Hardly a day goes by when I do not get an email request, usually from an organization I am sympathetic with, for donations of one kind or another. These organisations all require funds to function and the more they have the better are their chances of success. The problem in part is that the bulk of the people they are often appealing to have little or no funds to part with.
For most of my life I have been in this category and at times so broke that I could not maintain my financial membership of the two organisations I have continued to support – the ACF (Australian Conservation Foundation) and the ATA (Alternative Technology Association). Now, since retiring and beginning the process of downsizing I have accumulated a small ‘nest egg’ through the sale of assets, and thus in the position to respond to donation requests.
At the same time as downsizing I have continued my political campaigning through candidacy in various elections as a ‘climate independent’ and the funds required – legal deposits (all lost) advertisements, travel – have been substantial and a serious drain on my savings. More recently as secretary of the now defunct Renewable Energy Party I was putting aside funds for its use, promotion and possible political candidacy. With my active political career now coming to a close I can look to use these freed funds elsewhere.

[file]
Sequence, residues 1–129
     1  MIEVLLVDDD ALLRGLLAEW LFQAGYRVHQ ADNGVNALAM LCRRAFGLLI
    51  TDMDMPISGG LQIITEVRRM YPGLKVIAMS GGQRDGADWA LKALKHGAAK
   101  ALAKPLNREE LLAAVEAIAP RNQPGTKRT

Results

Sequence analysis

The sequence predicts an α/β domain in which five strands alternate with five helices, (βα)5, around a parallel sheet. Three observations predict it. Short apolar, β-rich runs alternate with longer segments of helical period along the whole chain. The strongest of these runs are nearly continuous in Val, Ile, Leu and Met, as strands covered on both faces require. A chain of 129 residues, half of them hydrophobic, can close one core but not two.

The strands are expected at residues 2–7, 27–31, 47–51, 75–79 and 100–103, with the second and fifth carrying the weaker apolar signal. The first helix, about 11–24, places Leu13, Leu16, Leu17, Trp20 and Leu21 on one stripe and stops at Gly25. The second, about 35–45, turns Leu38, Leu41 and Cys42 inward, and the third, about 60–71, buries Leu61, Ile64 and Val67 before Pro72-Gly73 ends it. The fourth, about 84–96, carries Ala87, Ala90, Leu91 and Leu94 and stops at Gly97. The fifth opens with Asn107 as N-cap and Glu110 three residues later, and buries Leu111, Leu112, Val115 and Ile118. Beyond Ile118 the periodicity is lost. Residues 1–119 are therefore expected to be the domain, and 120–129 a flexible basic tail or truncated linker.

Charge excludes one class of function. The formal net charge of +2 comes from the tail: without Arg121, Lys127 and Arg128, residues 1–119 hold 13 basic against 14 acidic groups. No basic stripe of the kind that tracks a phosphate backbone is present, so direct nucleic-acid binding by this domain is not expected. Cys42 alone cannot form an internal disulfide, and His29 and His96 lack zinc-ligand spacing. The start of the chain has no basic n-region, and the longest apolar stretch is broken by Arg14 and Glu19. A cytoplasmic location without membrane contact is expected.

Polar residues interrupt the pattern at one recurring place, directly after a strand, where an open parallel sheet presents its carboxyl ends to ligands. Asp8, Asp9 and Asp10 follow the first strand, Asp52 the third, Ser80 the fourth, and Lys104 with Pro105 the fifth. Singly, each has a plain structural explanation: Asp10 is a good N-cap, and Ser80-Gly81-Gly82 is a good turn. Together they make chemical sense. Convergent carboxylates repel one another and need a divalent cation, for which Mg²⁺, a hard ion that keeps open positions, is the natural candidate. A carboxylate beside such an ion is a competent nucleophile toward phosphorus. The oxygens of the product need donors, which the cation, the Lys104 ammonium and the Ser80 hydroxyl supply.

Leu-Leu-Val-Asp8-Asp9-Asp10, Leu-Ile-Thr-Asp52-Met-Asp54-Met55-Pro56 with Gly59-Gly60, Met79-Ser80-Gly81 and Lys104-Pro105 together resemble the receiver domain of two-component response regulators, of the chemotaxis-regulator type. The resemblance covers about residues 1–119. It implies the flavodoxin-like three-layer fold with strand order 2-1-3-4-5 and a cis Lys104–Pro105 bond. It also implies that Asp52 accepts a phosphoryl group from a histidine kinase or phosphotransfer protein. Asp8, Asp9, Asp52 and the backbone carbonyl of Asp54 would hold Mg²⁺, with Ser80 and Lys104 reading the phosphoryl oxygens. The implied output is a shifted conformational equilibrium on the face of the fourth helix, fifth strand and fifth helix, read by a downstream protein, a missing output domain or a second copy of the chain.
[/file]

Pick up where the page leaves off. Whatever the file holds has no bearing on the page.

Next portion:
To date with one exception, my political donations have been small. The exception is donating $500 (with my wife) for the last two years to the ATA’s East Timor solar project – which covers the cost of installing solar systems on village houses and the training of a technician. One attraction of this project is that it is technology based and thus apolitical – something some of our dimmer politicians have yet to recognise. Other small donations have gone to local organisations (Earthworker) and climate activists (Climate Council).
The example of a recently discovered second cousin is inspiring. Following the sinking of the Rainbow Warrior in Auckland harbour in 1985 he decided to make a regular monthly donation to Greenpeace and has done so ever since. For someone in regular employment this remains a possibility. I prefer the ‘one off’ donation as I still function mainly in the old economy – I can make electronic transfers but prefer the chequebook. Hopefully I will make a few more of these in the coming years helping to promote the climate action cause and a few of its solutions.